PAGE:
DITA variables provide a solution to this dilemma. Variables allow text to be defined in a single location and subsequently referenced indirectly in multiple locations. The actual value of the variable (in the example above, the URL for the downloadable manuals page) is resolved only when the document referencing the variable is generated. Thus, the value of the variable can be updated in a single location and will automatically be included in all documents when their map file is next executed.

Using DITA variables requires establishing a linkage between the location of the variable definition, the variable references in each of the topic modules, and the maps for each of the affected documents. Creating and validating those links can be time-consuming and occasionally frustrating. Furthermore, someone must be designated as the point of contact for updating the variables when a value changes. Managing the updating process adds another layer of administrative overhead to your group.

However, your users have a right to expect that the documentation you give them is accurate and up-to-date. DITA variables provide a means of assuring that all references in those documents remain current across each document’s lifecycle.


If you or your group are planning on using DITA—or if you’re using DITA now in a limited fashion—be aware that fully utilizing DITA’s powerful capabilities entails more than simply setting up the DITA infrastructure and training writers to create XML modules. You must also consider how DITA will affect the way you produce documentation and the way you train your writers.

To begin with, you must be prepared to re-center your production processes around a preliminary analysis phase. New projects coming into the department must be thoroughly examined up front to determine how the proposed documentation should be information-typed, where there are opportunities for reuse, and where variables and conditionalization may come into play. Work is then assigned to writers based on that analysis.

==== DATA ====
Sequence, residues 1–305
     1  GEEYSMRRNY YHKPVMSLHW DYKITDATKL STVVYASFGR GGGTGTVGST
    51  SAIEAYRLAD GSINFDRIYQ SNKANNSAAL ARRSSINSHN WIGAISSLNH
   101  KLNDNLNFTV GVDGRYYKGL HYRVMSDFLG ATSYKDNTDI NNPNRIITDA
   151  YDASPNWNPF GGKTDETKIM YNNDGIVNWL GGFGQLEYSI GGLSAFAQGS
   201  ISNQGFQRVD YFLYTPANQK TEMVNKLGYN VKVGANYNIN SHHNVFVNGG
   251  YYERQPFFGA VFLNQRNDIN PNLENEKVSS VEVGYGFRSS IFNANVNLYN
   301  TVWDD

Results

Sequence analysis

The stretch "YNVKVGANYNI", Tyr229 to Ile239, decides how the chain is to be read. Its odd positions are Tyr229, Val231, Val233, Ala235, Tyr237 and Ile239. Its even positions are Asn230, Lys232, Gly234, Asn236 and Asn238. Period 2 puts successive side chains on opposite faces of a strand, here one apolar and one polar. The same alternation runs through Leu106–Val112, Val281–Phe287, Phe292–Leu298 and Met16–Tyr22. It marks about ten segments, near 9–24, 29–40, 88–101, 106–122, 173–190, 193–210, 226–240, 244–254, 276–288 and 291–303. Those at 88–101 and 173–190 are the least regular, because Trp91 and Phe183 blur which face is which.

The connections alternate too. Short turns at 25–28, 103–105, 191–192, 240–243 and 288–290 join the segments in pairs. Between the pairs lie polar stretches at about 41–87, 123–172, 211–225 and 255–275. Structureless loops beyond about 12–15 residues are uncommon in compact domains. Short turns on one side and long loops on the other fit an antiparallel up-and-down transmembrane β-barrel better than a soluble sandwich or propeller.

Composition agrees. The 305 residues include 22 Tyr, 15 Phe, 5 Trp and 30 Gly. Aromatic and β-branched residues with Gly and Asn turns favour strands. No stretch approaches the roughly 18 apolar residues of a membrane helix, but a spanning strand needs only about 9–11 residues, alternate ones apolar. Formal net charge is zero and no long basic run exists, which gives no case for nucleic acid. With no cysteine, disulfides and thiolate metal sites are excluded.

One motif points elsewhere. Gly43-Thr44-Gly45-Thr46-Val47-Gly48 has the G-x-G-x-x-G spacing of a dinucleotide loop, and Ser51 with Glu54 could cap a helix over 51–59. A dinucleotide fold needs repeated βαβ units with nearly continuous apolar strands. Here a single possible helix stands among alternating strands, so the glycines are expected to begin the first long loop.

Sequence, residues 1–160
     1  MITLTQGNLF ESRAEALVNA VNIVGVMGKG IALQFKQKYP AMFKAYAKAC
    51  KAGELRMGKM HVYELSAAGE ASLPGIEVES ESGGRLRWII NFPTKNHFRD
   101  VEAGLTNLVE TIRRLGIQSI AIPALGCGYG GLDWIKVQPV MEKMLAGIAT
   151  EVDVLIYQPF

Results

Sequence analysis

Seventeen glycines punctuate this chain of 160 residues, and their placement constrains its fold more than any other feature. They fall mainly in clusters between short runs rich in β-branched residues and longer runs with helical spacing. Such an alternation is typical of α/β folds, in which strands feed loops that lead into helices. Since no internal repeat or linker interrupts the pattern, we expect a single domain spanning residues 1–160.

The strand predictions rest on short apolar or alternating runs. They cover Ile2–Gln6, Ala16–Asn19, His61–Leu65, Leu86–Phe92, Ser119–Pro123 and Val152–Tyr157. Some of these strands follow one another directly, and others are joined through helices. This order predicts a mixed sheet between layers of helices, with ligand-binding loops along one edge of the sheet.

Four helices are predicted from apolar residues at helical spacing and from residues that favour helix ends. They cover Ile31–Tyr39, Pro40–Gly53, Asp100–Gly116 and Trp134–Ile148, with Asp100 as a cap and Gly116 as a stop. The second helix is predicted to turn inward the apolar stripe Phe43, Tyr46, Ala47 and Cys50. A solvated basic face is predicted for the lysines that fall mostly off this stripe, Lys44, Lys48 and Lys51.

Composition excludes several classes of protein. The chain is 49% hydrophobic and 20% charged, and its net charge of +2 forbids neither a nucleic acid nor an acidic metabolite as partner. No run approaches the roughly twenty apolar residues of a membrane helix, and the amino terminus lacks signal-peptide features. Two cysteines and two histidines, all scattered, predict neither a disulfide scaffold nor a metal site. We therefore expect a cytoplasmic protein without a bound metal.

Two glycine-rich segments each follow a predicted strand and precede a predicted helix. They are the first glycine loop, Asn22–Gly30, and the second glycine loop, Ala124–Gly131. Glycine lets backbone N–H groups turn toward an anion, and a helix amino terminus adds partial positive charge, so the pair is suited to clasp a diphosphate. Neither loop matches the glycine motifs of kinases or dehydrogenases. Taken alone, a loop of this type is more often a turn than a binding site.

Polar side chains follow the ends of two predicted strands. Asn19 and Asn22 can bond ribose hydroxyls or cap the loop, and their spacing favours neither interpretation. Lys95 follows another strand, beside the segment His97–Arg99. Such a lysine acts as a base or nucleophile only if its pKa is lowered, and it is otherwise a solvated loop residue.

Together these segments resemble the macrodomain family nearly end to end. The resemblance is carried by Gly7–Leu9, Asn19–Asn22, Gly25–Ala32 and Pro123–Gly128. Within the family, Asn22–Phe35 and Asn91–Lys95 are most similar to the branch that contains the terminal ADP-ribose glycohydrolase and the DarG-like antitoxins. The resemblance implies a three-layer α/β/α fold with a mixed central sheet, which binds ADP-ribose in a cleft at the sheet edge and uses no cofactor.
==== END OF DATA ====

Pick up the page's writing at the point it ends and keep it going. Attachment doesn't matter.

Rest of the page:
In addition, writers must be trained in more than the basic mechanics of creating DITA modules. Every writer in your group should have a firm understanding of structured documentation, what its benefits are, and how it should be implemented.

Changing your organization to take full advantage of DITA invariably requires the addition of time and resources to the document production cycle—something that management is generally loathe to do. Your biggest DITA implementation challenge may be convincing your organization to accept the increased overhead as an integral part of DITA’s cost. When time and headcount are at a premium, that can be a formidable task. But it’s a task that must be undertaken. Otherwise, you risk using DITA without really using DITA.

Lou Kummerer is a technical writer working and living in the metropolitan Phoenix area. He has extensive experience writing for the semiconductor industry and is also a confirmed DITA advocate. Lou is an STC Senior Member and current president of the Arizona chapter of the STC.